In his excellent January piece on student loan forgiveness, Matt Yglesias points to the egregious example of Columbia’s 12-month, $105,510 data journalism program. I am a skeptic of journalism school of any kind, but this seems like a particularly bad deal—not only because of the high tuition but because there are far fewer jobs in data journalism than in the regular kind.
In a world where the government is only providing a modest loan subsidy, it might make sense to take a laissez faire approach and provide subsidies for any programs students want to sign up for. The need to eventually pay off loans should cause students to think long and hard about whether a program is worth the money.
But we’d definitely need to rethink that logic in the wake of a large-scale debt forgiveness program like Schumer and Warren are advocating. Future students would look at a $105,510 tuition bill and think “that’s a lot of money but future presidents will probably forgive a chunk of it.” As more students think this way, student debt burdens will balloon further. It will become impossible for future Democratic presidents to resist calls for additional rounds of debt forgiveness. Taxpayers will wind up footing the bill for a lot of expensive educational programs.
This doesn’t bother a lot of people on the left because they think the government should be funding higher education anyway. But if taxpayers are going to foot the bill, they also need some oversight into the kinds of programs that get funded and how much they cost.
In other words, any student loan forgiveness package needs to be coupled with tighter restrictions on which programs are eligible for student loans in the future. Otherwise, we’re setting ourselves up for an endless cycle of escalating taxpayer costs.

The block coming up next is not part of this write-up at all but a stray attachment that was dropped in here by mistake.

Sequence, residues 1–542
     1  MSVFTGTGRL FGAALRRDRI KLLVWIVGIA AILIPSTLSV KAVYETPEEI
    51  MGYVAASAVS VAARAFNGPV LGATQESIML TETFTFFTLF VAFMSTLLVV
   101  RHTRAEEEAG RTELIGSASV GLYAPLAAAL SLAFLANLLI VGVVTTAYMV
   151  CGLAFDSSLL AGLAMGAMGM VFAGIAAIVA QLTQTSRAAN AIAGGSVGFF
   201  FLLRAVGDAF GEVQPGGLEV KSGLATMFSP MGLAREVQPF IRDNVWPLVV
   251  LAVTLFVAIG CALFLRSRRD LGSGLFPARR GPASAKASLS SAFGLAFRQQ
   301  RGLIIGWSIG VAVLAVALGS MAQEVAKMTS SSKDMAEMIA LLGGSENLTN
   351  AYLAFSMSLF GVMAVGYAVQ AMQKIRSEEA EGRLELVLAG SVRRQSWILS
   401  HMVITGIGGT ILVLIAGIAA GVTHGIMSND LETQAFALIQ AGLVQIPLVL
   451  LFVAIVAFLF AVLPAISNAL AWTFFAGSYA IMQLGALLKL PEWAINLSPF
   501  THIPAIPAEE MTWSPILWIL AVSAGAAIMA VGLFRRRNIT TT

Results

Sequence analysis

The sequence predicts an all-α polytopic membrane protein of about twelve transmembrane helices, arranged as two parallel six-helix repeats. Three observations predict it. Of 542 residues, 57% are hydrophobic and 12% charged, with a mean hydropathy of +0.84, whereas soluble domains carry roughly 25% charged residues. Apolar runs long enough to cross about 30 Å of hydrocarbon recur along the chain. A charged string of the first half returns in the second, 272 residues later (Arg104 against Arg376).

Debt forgiveness should be income-based
Offering debt forgiveness to everyone is a crude way to get help to people who truly need it. My wife, for example, earned a medical degree in 2009 and still has substantial student loan debt. Her medical degree dramatically increased her earning power, which has made it easy to make her loan payments. There is no reason for taxpayers to foot the bill for her.
Back in September, my colleague Alan Cole wrote about income-sharing agreements as an alternative to student loans. The idea is that rather than taking out a loan, students would agree to pay a share of their incomes for a few years after graduating. It’s a theoretically elegant idea but it has a big problem in practice: students who expect to have above-average incomes choose to take out conventional loans. That leaves a pool of under-performing students in the income-sharing pool, causing a downward spiral.
As Alan pointed out, the federal government has long offered income-based repayment options that make federal student loans work a little bit like ISAs. Students who make a lot of money pay back their whole loan. Students who don’t make as much get some of their loans forgiven.So my preferred debt forgiveness plan would be to expand and strengthen income-based repayment plans. Cap peoples’ student loan payments at a fixed percentage of their income (perhaps with slightly higher percentage for graduate and professional schools), and forgive amounts above the cap. A plan like this wouldn't provide a dime of relief to people like my wife who don’t need it. But it would provide relief for people whose degrees didn’t pay off for them financially.
Correction: I originally stated that student loans can't be wiped out in bankruptcy, but that's not quite true. To discharge student loans, a debtor must convince a judge that continuing to pay constitutes an "undue hardship."